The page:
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Interesting blog posts by Pune’s techies

This is a round-up of some recent intersting blog posts written by Pune’s techies. These blogs don’t necessarily fall within the narrow charter of PuneTech, but introducing PuneTech readers to these blogs and bloggers does.

At the top of everyone’s mind is of course the financial meltdown. Arun Prabhudesai (who is CEO of hover.in) details the serious effects it is beginning to have on Indian industry, and on the jobs of regular people:

L&T Infotech is trimming its work force by 5%. That would mean a job loss for 10000 people. Goldman Sachs has fired 100 employees in Mumbai and 30 in Bangalore.  Satyam has fired 30 employees over fudged bills. Corus steel (part of Tata Steel now) has cut 400 jobs in UK because of poor business conditions. Tata Steel has ruled out any jobs cuts in India. Airlines are fearing that they have to lay off 8000 ground staff. Kingfisher has announced a 90% cut in the salaries of trainee pilots. Jet Airways has sacked 25+ expat pilots.

See the full article for even more scary figures. His blog (trak.in) is focused on Indian Business. Amit Paranjape also has a series of posts about the financial crisis (one, two, three) that you might find interesting. He also writes about Pune’s history, restaurant reviews, and cricket. (While on the subject of the financial crisis, you should also check out Sequoia Capital’s 56-slide presentation of doom. That is really scary.)

So what is to be done in these bad times? Manas Garg points out that before any success, whether it is in good times or bad, there is a dip.  And you need to persist and make it through the dip before you succeed. (see also Seth Godin’s thoughts on this.) Another thing that can be done, technologically, is to cut costs by shifting from real servers to virtual servers in the cloud. Mukul Kumar of Pubmatic often writes detailed posts about this on his blog, but in his most recent post, he cautions you to take into account the cost of data transfers in your calculations, as that is likely to be more expensive in some cases, than the cost of compution time on the servers.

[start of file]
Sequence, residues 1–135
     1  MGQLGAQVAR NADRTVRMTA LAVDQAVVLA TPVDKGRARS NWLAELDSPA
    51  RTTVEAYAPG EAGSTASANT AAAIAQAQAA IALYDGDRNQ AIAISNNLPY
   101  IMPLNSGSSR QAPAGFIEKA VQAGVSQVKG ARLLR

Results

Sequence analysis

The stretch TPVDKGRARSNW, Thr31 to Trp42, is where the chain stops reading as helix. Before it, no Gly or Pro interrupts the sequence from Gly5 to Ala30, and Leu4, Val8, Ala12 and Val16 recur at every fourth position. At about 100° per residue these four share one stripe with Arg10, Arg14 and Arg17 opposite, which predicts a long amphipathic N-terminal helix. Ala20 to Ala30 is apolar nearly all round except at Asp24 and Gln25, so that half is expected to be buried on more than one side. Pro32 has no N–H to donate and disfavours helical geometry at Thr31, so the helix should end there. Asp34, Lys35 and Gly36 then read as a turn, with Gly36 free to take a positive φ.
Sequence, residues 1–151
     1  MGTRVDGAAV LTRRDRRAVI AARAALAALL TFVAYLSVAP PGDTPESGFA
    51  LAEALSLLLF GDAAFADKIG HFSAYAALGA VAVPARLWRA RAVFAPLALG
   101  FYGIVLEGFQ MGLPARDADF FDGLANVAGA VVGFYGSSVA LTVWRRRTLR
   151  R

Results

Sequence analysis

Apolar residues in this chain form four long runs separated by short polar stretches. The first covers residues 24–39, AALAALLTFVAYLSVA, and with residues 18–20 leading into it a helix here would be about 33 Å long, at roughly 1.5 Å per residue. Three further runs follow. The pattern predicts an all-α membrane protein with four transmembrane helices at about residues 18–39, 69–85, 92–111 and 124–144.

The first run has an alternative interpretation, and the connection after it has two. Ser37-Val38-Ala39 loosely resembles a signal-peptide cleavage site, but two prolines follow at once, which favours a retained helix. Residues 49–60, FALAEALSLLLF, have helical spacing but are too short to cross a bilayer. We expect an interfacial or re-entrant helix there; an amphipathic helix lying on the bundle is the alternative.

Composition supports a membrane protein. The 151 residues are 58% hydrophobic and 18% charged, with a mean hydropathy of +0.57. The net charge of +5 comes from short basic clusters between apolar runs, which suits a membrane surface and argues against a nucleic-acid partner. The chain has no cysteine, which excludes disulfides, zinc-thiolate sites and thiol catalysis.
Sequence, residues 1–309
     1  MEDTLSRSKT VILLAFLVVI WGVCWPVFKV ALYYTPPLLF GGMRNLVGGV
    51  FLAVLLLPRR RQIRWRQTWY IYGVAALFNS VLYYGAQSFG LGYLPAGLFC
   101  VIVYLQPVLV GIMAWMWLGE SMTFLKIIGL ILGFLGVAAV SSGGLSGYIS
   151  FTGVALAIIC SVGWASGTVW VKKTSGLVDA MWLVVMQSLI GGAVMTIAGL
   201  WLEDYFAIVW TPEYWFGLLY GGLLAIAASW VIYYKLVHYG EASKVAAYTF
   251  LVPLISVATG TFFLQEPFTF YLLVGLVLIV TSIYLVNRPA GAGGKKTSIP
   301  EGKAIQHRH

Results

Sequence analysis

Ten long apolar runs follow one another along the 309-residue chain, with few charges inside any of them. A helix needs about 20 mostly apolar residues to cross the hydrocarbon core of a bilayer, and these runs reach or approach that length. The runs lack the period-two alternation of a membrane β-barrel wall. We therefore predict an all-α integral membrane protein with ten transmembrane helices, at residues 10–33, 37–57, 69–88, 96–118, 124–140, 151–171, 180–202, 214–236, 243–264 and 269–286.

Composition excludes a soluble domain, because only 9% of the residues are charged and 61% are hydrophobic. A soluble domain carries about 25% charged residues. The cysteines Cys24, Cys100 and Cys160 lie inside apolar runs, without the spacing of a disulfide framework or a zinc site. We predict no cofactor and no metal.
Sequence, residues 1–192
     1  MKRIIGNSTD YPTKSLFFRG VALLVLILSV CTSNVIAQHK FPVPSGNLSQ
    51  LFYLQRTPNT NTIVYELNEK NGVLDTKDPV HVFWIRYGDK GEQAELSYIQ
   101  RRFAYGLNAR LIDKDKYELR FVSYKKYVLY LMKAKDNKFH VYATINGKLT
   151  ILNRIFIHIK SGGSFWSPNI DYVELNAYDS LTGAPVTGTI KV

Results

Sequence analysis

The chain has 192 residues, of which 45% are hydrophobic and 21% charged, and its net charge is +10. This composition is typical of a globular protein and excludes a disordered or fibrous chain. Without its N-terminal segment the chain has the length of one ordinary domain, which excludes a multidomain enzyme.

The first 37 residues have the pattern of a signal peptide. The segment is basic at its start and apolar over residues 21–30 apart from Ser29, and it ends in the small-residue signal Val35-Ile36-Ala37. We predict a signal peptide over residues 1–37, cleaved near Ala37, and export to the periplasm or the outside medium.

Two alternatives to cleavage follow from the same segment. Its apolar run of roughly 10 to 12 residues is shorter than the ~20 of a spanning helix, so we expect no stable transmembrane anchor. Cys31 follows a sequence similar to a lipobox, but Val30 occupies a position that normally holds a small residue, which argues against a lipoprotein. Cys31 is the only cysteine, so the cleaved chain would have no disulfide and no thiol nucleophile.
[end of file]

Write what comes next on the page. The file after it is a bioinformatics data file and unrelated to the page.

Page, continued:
Switching gears to security, the ClubHack blog warns us about “Free Public WiFi” – why it is bad, and how it works:

If an unsuspecting healthy laptop is searching for wireless networks in vicinity, it will see the advertised viral SSID in its list. If the laptop is configured to “Connect to any wireless network” as it comes in range, it will attach itself to the respective network. The connection can also be made when an unsuspecting user manually connects to an advertised viral SSID. As soon as this connection is made, the viral SSID appears in the PNL of the healthy laptop and thus gets infected.

Read the full article. And if you’ve been following the PuneTech calendar, you’ll know that ClubHack is organizing a security awareness conference in Pune in early December.

Just because of scary financials and scary security warnings, doesn’t mean that we need to go around feeling depressed. In fact, this is probably the best time to start something new, get involved in the community. PuneTech gave you an idea of upcoming tech community activities that you can get involved in. (By the way, the Pune Mirror agrees with us, and reprinted that article on Saturday.) Anthony Hsiao of entrip.com got together with other tech entrepreneurs in Pune to start Startup Cinema. Read about it on his blog. Also, don’t forget to check out his older post on why he prefers the chaos of Pune to the perfection of Singapore/Germany.

Pune is different, of course, and being away really helped appreciate the warmth of the people, the beauty of apparent chaos and disorder (having lived in Singapore and Zurich, I can honestly say that happiness is not derived from perfection…), the very decent lifestyle I can afford as an expat here (despite being constantly broke!), and just the interesting stuff that goes on all the time (it has to, there are so many people here, something has to be going on all the time).
In many ways, I think Pune (or many parts of India in general) are quite the opposite to places like Singapore – which is clean, orderly, safe, modern, connected, etc.

Know of any interesting techies in Pune who should be featured here? Let us know.

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